To be fair, there are more easily accessible places to hike in fall and if you don’t live in Chubu region, Tokyo, Osaka, or Kyoto, going to your local spot will save more time and cost. That doesn’t mean Kamikochi is super expensive or difficult to reach though. Home to some of Japan’s most imposing mountains or Northern Japan Alps (including Japan’s third tallest peak or the 3,190-meter tall Mount Okuhotakadake), Kamikochi is also the country’s birthplace of recreational mountaineering. The valley remains as pristine as can be with tourism by forbidding private cars in the area except for authorities and those with special permission, so it offers some of the country’s ultimate waterscapes and is one of Japan’s Eight Most Scenic Landscapes (Nippon Hakkei) as well.
Kamikochi can be an easy weekend escape, a not-too-difficult-but-extremely-enjoyable adventure, or even a strenuous multi-day trek as you desire and design. I will categorize my Kamikochi trip as a not-too-difficult-but-extremely-enjoyable adventure that included walking the easy trail.
Time flies and before I knew it, I have less than eight months left as a student in Japan.
Let’s rewind to January in 2019. I just learned that the MEXT Scholarship committee has decided to send me to Nagoya University, so I wrote this post about my trip to Nagoya as a tourist in 2015 for reflection purposes. I thought Nagoya isn’t an impressive city, but it still has some nice attractions and is rich in samurai era history, despite not looking like it what with its strong industrialized image and mostly modern buildings. During my 2015 trip, I traveled in Nagoya for only one day and mainly used the city as a base while I explored the bigger draws nearby like Inuyama, Takayama, and Shirakawa-go, so I promised myself that after moving to Nagoya in April, 2019, I would take my three years as a student as the opportunity to get to know Nagoya better.
While I am still going to continue writing about Hokkaido, I want to throw in some posts about Nagoya and nearby from time to time since I haven’t been writing enough about where I live and my three years in Japan are almost over… It has also been so long since I last made a film photography post, so it is time for a Nagoya article with the first batch of film photos I took in Japan in October, 2020. I was back from Bangkok for about a month, the COVID-19 situation in Nagoya improved, and the autumn air was pleasant, so what better time to test the Kodak M35 reloadable film camera I bought when I went back to Thailand. It was also a good time to visit the uncrowded and underexplored places in Nagoya that I hadn’t been to for photography inspirations. The photography trip ended up being very interesting for me and I enjoyed the different vibes from the Nagoya attractions that I visited in 2015. More laid-back and more local overall and also historic. It was a lovely surprise that embodies “old is gold”. But unlike the gold rush, most of these old spots in Nagoya haven’t been discovered yet by the majority of international travelers. I hope these places won’t become too commercialized, but they do deserve more attention, so when the pandemic is over and you can come to Nagoya, do consider visiting these hidden gems before Nagoya experiences the (g)old rush. If that still doesn’t sound appealing enough, let me tell you that all these places are free to enter and conveniently located near subway stations.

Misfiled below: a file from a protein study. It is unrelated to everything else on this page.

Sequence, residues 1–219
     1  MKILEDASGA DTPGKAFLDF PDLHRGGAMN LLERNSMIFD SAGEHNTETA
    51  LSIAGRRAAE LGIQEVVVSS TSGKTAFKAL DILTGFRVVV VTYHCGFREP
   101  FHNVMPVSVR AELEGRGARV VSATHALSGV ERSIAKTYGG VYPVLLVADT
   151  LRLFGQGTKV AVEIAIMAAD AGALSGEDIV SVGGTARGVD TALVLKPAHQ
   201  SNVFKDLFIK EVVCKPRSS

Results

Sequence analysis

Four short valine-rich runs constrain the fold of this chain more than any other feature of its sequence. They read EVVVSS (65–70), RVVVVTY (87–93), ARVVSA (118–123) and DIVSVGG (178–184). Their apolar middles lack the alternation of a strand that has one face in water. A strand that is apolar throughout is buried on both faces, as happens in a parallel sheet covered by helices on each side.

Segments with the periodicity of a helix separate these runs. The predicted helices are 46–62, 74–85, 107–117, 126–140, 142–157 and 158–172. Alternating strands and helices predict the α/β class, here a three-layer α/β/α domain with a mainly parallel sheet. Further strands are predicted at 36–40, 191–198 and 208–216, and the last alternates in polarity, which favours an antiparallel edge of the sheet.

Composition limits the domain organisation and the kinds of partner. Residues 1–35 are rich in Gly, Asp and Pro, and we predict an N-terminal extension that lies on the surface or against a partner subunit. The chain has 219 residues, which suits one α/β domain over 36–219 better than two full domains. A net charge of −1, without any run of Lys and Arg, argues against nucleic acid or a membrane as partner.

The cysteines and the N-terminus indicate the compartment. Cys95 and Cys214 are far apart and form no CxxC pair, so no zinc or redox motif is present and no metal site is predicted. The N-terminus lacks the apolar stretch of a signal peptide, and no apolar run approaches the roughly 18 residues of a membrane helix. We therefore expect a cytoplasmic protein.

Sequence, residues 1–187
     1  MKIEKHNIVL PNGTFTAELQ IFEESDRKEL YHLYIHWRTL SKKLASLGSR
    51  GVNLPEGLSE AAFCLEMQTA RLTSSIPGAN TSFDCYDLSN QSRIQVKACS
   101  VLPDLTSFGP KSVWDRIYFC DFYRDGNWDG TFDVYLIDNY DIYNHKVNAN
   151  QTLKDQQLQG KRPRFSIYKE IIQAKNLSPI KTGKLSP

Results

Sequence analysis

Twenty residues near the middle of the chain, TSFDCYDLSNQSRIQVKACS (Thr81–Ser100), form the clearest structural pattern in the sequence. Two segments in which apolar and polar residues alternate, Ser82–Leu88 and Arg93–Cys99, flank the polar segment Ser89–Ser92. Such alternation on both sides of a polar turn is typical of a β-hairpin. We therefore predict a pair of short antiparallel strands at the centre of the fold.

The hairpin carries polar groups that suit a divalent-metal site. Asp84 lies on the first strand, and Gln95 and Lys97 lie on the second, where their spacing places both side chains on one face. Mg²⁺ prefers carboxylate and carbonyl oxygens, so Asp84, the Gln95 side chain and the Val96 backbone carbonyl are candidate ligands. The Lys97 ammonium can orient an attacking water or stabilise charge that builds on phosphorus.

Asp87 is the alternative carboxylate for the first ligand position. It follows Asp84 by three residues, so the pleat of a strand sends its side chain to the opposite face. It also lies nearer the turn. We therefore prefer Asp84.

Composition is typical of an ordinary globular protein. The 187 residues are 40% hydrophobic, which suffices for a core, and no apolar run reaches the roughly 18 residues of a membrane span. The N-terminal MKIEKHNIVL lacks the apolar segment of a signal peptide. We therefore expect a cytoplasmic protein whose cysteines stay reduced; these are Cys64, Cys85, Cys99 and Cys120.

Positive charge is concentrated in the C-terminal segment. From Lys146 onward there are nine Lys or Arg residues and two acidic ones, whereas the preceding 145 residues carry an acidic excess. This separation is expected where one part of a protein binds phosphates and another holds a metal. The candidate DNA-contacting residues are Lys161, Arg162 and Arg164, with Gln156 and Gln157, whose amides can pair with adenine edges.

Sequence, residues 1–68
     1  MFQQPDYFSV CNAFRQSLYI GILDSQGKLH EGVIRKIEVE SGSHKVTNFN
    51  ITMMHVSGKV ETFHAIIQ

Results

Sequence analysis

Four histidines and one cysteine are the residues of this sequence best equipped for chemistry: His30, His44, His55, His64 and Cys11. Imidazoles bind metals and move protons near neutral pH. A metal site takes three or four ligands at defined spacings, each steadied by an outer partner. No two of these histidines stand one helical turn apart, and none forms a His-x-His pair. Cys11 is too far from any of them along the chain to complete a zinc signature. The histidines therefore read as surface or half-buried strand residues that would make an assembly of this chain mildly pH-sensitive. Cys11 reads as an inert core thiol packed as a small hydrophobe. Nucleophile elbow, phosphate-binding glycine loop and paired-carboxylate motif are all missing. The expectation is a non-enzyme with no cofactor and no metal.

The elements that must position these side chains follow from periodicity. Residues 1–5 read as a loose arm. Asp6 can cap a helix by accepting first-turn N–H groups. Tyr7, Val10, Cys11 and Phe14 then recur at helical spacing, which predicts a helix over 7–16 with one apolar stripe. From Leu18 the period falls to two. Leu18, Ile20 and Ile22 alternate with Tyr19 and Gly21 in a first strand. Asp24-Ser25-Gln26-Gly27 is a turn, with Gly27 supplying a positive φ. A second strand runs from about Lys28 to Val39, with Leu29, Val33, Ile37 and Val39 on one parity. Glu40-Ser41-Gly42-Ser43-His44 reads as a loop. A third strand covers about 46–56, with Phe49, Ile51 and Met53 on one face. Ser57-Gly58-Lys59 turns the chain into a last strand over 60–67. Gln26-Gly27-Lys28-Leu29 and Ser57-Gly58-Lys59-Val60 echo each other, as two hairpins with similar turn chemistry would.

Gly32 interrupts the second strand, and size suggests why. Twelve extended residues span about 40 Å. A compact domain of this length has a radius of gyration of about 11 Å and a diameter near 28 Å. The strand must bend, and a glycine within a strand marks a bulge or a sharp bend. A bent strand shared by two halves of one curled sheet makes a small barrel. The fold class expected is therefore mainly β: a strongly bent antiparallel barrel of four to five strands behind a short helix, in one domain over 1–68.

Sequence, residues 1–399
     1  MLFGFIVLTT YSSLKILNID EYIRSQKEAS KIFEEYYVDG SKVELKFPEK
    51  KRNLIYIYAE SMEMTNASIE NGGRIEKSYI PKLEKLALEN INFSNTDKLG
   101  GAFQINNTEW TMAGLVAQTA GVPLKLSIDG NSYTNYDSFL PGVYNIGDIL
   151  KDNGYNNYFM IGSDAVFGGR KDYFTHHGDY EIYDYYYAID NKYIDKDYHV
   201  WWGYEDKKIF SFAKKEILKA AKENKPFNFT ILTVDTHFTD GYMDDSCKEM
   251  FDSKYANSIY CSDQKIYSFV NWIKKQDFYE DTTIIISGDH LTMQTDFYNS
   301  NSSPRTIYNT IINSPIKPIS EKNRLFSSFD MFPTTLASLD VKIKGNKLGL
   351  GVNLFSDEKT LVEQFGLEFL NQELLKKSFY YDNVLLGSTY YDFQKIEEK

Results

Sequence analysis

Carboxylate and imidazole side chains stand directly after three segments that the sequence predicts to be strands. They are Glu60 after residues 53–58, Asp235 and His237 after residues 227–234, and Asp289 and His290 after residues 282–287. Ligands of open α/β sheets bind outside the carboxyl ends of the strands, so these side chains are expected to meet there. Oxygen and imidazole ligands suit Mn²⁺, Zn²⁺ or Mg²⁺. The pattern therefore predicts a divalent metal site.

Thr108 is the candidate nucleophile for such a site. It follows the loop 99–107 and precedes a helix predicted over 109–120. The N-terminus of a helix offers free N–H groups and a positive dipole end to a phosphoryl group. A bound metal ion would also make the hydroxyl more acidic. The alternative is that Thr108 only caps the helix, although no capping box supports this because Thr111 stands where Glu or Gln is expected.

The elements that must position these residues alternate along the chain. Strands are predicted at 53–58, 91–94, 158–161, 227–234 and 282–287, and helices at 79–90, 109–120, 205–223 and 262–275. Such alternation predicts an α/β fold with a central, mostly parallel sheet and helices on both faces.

Once a year, my family and I travel to the southern coastal province of Phang Nga. Though times are tough this year, we happened to schedule our trip in early-March, a couple of weeks before COVID-19 got worse in Thailand, and managed to upkeep this annual tradition during my temporary homecoming that currently has to be extended with no end in sight.
Apart from taking my grandma to see her relatives and former neighbors, we always watch the sunset at Thai Muang Beach, which is the neighborhood where my dad grew up, and travel to at least one place we haven’t been to in Phang Nga. This year, we visited the peaceful Khao Pilai Beach in Khok Kloi Subdistrict and revisited (after almost 20 years) Lampi Waterfall in Khao Lampi-Hat Thai Muang National Park.
I also brought my disposable camera on this trip and we were blessed with nice weather and beautiful sky every day. Without further ado, let’s see how Phang Nga looks on 35mm.